# Where can I read about the theory behind GLMs in their most general form? [duplicate]

I was following along with the MIT Opencourseware "Statistics for Applications" and their analysis of GLMs only covers discussion of GLMs whose dependent variable $$y$$ is distributed according to a distribution in the canonical exponential family (i.e. of the form below): $$P(y\ |\ \theta) = h(y)\exp(\theta^Ty - A(\theta))$$ If this is the case, then one can easily determine that $$\mu = \mathbb{E}[Y] = A'(\theta)$$, and since $$\mu$$ is related to the linear predictor via the link function $$g$$, we have $$X^T\beta = g(A'(\theta)),\qquad \theta = (g\circ A')^{-1}(X^T\beta)$$

However, I'm curious about the more general case where the distribution belongs to the overdispersed exponential family: $$P(\mathbf y\ |\ \theta,\tau) = h(y,\tau)\exp\left(\frac{\mathbf b(\mathbf \theta)^T\mathbf{T}(\mathbf y) - A(\theta)}{d(\tau)}\right)$$

Using the identity $$\mathbb{E}[\nabla_\theta\ell] = 0$$ where $$\ell$$ is the log-likelihood function I was able to arrive at $$[D_\theta \mathbf b]^T\mathbb{E}[\mathbf T(\mathbf y)] = \nabla_\theta A$$ but there are two problems with this. For one, the dimension of $$\mathbf b$$ might not equal the dimension of $$\theta$$, and even if it did this would not guarantee the matrix $$D_\theta\mathbf b$$ (the Jacobian of $$\mathbf b$$) is invertible. Second, even if it were invertible, we would only arrive at $$\mathbb{E}[\mathbf T(\mathbf y)] = ([D_\theta \mathbf b]^T)^{-1}\nabla_\theta A$$ which doesn't give us any direct correspondence between the parameter $$\theta$$ and the linear predictor $$\mathbf X^T\beta$$, since the link function links $$\mathbb{E}[\mathbf y]$$ to $$\mathbf X^T\beta$$, not $$\mathbb{E}[\mathbf T(\mathbf y)]$$.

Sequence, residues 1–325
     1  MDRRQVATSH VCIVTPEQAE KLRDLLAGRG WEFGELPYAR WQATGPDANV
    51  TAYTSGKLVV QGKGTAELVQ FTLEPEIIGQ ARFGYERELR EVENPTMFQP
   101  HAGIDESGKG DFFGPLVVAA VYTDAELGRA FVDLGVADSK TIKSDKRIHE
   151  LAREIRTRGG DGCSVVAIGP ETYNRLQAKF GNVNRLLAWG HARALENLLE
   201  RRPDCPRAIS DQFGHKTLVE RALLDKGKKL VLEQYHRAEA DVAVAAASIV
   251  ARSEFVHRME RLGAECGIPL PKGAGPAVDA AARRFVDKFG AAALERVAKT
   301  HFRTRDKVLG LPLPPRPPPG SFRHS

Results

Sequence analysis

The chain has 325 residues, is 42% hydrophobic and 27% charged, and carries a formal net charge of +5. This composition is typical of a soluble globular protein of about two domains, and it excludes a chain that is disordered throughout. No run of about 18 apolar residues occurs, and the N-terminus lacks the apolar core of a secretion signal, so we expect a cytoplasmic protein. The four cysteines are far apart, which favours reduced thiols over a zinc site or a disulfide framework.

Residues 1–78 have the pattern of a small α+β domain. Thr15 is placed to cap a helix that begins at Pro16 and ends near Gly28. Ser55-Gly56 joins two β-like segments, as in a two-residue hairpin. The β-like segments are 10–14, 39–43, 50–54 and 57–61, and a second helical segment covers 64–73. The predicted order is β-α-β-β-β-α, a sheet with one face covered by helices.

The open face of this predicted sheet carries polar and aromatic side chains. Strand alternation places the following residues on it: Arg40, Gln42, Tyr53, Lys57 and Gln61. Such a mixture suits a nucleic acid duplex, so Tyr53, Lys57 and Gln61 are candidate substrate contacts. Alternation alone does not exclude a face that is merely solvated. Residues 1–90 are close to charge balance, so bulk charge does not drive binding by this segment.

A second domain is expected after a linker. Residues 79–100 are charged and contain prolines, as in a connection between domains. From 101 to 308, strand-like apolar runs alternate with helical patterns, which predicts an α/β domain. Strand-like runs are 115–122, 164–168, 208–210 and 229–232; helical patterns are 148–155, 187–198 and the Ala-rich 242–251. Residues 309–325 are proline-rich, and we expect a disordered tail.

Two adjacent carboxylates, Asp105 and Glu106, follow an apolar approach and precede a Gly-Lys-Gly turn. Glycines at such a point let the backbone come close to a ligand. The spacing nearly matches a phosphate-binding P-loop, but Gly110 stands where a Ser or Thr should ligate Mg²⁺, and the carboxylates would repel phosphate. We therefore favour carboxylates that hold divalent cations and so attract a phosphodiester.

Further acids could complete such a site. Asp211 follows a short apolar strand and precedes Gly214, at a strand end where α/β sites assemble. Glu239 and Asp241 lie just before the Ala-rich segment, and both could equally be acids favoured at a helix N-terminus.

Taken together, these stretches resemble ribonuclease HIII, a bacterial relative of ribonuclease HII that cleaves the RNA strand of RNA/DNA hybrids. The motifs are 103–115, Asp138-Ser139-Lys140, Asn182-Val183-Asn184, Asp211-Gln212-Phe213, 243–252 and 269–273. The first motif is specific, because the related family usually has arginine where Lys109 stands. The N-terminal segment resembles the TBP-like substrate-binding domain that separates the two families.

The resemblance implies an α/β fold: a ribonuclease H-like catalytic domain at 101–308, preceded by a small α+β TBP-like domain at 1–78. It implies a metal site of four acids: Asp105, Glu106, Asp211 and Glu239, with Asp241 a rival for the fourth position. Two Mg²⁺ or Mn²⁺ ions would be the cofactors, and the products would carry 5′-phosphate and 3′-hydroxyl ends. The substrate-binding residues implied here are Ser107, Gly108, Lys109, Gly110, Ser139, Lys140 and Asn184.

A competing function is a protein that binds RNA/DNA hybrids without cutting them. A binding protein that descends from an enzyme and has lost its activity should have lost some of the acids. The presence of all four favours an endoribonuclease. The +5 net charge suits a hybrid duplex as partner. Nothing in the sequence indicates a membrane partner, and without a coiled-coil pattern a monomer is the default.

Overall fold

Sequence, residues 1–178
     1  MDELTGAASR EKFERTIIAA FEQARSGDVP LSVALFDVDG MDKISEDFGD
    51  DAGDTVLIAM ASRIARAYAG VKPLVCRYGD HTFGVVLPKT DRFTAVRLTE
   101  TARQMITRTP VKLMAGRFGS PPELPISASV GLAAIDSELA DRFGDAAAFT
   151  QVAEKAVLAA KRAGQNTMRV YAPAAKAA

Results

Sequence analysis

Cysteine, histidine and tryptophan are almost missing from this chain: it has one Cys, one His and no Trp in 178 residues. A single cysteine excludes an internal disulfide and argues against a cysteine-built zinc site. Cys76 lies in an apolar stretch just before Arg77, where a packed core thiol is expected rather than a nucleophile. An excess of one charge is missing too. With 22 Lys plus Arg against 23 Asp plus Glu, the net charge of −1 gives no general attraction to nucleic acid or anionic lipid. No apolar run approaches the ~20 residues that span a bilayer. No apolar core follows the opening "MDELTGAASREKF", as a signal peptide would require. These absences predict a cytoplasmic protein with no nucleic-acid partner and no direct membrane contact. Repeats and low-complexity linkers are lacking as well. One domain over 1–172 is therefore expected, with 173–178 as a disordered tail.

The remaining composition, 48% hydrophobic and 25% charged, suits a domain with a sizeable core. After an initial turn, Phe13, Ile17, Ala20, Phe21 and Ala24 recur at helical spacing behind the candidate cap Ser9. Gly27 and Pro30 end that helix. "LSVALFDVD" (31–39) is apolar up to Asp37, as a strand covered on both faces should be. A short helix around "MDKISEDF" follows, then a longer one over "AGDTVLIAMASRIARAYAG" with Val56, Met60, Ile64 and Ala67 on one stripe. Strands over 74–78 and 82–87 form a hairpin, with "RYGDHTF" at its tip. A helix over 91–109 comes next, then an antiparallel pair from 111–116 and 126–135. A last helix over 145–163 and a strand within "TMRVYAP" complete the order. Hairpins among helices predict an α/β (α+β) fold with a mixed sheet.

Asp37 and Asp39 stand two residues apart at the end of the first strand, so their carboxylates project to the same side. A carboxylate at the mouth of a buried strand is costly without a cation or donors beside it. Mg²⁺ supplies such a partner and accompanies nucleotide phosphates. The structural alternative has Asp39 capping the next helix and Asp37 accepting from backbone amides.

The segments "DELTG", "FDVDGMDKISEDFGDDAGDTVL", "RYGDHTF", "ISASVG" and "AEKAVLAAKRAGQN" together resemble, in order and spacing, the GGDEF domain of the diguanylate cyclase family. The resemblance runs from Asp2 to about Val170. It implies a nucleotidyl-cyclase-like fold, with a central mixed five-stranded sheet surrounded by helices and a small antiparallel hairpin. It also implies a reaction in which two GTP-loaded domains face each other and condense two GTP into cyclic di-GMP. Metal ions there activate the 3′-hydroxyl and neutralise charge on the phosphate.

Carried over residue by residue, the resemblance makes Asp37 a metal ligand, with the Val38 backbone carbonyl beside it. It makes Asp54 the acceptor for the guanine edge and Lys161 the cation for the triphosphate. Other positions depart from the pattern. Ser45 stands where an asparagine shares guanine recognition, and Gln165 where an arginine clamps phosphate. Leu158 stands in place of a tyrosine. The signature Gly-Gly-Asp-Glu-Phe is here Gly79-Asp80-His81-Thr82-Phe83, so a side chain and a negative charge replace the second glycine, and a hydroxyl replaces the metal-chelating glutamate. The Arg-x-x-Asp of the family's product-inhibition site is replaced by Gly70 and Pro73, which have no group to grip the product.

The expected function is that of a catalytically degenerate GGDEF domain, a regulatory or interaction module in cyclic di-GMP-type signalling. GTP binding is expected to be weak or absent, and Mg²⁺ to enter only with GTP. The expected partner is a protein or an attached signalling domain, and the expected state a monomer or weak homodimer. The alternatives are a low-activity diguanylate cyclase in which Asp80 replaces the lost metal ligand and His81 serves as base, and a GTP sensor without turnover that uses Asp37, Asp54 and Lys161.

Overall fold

So, how are GLMs of this form implemented? Where can I go to read more about how this works?